Vogue Arabia and racism in the Muslim world

Vogue Arabia and racism in the Muslim world


The magnificent April issue of the magazine Vogue Arabia has three beautiful black models, Halima Aden, Ikram Abdi Omar and Amina Adan, on its cover. The stunning photograph of the women, two of whom had never been on a Vogue cover before, was taken by photographer Txema Yeste.  The issue made waves among fashion aficionados in the Middle East and elsewhere as soon as it was released. This was the first time three black women wearing hijabs had been featured on the cover of an elite fashion magazine. Here was beauty made inclusive and Vogue Arabia had done it.
Fashion is traditionally not considered the venue for societal change. If anything, it has been a gendered realm ruled by women who do not want to challenge but simply to beautify. But there is another way to look at this. Fashion, at its best, synthesizes the past and the future, defines the new normal before it is normal, the beautiful before it is universally acknowledged as gorgeous. In this sense, fashion pushes the boundaries of beauty and acceptability, forces people to consider what they like now and what they will like in the future.
Vogue Arabia’s cover is provocative in some ways because in featuring three black Muslim women on the cover, it reminded viewers that black is beautiful. This would seem like a simple thing; in theory, Islam prohibits racial prejudice and requires that all are treated equally and all are considered beautiful. The reality in many parts of the Muslim world is sadly quite different. In countries like Pakistan, for instance, dark skin is considered a liability, reducing a girl’s chances in marriage. On the other hand, white skin is offered up as the epitome of beauty. 
The vision of beauty that is offered up to women and girls growing up in the region often points to blonde hair and blue eyes as something to vie for. This standard of beauty alienates most of the women who are subjected to it, who happen to be black or brown and are therefore confronted by an inability to be white and hence beautiful.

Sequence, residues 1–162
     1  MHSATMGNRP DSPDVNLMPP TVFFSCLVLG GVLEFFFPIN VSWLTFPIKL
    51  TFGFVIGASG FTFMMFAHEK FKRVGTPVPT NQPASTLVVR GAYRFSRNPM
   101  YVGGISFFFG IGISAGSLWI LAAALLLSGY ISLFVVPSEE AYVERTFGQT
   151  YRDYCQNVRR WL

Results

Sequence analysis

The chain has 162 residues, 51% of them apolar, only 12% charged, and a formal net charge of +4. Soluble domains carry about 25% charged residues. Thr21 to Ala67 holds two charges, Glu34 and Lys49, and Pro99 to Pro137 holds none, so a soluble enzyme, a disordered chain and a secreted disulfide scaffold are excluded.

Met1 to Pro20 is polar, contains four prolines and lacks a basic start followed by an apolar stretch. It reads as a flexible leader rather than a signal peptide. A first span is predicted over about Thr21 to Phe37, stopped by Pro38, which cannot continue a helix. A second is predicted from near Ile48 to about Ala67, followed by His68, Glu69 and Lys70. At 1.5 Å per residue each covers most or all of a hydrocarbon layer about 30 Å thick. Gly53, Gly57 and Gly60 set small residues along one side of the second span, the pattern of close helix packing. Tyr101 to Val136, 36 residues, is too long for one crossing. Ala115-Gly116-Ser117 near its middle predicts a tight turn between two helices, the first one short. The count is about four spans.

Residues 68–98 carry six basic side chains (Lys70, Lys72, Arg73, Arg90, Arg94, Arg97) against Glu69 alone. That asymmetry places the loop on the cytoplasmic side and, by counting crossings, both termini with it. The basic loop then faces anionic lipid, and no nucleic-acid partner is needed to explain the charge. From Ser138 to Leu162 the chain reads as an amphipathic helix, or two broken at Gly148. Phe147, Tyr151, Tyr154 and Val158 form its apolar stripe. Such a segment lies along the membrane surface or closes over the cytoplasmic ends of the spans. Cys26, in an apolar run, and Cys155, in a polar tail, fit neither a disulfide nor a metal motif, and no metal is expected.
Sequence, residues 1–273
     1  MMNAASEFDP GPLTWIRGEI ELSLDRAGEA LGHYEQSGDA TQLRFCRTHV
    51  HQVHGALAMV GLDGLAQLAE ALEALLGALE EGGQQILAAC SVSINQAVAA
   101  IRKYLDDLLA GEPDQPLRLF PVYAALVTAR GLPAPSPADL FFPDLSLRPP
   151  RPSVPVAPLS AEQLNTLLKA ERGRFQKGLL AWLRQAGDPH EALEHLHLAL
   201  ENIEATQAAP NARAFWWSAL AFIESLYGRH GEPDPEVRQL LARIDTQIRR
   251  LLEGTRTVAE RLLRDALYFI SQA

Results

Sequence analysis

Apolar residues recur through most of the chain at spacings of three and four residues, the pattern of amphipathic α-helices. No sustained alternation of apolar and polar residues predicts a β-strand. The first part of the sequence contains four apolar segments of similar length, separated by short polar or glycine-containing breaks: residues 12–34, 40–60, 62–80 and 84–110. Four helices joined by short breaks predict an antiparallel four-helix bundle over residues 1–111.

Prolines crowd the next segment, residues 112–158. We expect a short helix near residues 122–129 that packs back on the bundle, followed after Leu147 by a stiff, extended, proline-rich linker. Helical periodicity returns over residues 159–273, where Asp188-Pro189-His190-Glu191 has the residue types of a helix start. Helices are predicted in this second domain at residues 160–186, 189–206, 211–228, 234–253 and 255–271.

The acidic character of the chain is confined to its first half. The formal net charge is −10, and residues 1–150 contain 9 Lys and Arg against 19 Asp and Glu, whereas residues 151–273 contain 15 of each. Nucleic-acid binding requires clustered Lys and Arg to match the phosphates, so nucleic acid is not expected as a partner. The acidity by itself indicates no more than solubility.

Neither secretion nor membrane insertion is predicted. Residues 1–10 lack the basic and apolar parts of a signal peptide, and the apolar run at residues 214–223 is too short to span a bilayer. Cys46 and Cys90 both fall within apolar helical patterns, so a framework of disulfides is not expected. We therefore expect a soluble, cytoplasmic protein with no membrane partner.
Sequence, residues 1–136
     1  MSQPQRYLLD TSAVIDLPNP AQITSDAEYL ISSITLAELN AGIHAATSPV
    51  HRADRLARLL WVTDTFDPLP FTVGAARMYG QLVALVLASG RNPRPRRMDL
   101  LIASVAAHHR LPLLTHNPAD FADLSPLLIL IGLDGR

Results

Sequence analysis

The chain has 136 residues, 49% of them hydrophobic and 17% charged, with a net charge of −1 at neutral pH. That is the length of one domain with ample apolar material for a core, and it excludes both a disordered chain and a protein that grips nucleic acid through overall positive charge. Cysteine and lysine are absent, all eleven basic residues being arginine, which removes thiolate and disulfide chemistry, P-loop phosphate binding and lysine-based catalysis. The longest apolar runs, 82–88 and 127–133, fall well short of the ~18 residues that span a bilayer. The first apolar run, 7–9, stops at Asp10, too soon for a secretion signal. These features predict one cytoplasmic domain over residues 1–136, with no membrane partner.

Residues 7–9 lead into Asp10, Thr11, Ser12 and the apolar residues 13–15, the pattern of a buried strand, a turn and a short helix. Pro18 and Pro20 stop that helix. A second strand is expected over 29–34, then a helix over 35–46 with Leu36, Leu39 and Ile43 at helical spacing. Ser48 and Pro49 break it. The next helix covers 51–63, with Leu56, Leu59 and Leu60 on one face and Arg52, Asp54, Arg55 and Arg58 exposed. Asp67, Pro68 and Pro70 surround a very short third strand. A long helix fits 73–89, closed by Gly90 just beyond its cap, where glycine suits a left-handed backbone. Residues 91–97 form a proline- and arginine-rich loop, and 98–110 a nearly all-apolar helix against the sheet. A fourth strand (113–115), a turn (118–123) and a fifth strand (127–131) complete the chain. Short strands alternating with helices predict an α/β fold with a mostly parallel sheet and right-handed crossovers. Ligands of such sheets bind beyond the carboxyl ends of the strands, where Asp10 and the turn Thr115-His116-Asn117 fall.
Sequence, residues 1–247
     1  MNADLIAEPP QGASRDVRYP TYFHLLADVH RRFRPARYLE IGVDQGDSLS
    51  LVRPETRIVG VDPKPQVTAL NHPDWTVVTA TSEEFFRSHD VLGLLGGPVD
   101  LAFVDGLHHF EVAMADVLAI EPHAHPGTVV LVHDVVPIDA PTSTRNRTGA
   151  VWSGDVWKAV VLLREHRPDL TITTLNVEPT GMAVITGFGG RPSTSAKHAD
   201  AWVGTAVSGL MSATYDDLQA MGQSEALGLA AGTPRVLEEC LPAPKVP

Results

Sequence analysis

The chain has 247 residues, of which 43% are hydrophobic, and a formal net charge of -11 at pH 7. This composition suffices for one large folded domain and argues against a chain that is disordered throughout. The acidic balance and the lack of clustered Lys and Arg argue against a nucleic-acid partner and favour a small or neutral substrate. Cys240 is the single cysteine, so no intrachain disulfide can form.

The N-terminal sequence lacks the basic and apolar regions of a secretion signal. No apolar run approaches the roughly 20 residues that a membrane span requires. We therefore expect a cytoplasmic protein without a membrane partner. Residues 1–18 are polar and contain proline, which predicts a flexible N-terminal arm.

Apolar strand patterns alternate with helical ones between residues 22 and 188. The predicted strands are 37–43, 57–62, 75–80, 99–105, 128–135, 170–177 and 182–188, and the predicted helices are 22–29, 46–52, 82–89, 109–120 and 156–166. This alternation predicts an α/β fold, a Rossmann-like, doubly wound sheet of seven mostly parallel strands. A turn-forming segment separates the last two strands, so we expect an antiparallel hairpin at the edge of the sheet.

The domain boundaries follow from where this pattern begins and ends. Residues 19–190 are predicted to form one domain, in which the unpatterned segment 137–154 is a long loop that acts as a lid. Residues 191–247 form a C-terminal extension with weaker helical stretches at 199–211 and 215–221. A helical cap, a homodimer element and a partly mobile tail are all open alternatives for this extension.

Vogue Arabia sets a new trend in that the models are presented as fashion icons and Muslims, making a photographic argument that it is indeed possible to be both.

Rafia Zakaria

Then there is the issue of hijab. This is not the first time that Vogue Arabia has featured a woman wearing a hijab on the cover, but it is the first time it has featured multiple black women wearing it. In doing so, it has pointed out another hypocrisy that proliferates in the Muslim world, that only light-skinned women wearing a hijab can be fashion icons. Vogue Arabia sets a new trend in that the models are presented as fashion icons and Muslims, making a photographic argument that it is indeed possible to be both.
The issue of race, particularly prejudice towards black Muslims, is a difficult and problematic one. In many Muslim countries, brothers and sisters from African countries are treated as second-class citizens, kept from good jobs and housing and subjected to other forms of exclusion — even though Islam teaches Muslims to completely disregard race as any sort of consideration. Often Muslim pilgrims from places like Pakistan and India discriminate against other pilgrims who are from African countries.  In one of the worst illustrations of this reality, a television exposé recently revealed markets in Libya where refugees from African countries were being auctioned off as slaves.
A cover of Vogue Arabia cannot change all of these endemic and long-standing problems. It cannot silence racists who make fun of dark skin, of Africans, of anyone darker than them, as somehow lesser, lacking in dignity and worth. But a magazine cover like Vogue Arabia’s April issue can, in a roundabout way, raise these questions. Black Muslim women are beautiful, the envy and admiration of all who look at them. The Muslim world is not simply South Asia and the Middle East but also Africa.
It is time that the Muslim world confronted its own racism. Doing so will require a multi-faceted approach. Debate and discussion on the outlets that reach Muslims are important; so, too, are efforts in the artistic and fashion realms. Often these secondary means of self-expression, fashion and art and literature, can point to issues with great subtlety and show people a just and egalitarian perspective rather than a prejudiced and racist one. Vogue Arabia’s April issue has demonstrated how this can be done, the incredible beauty of the stunning models thus illustrating a broad and inclusive vision of female beauty.

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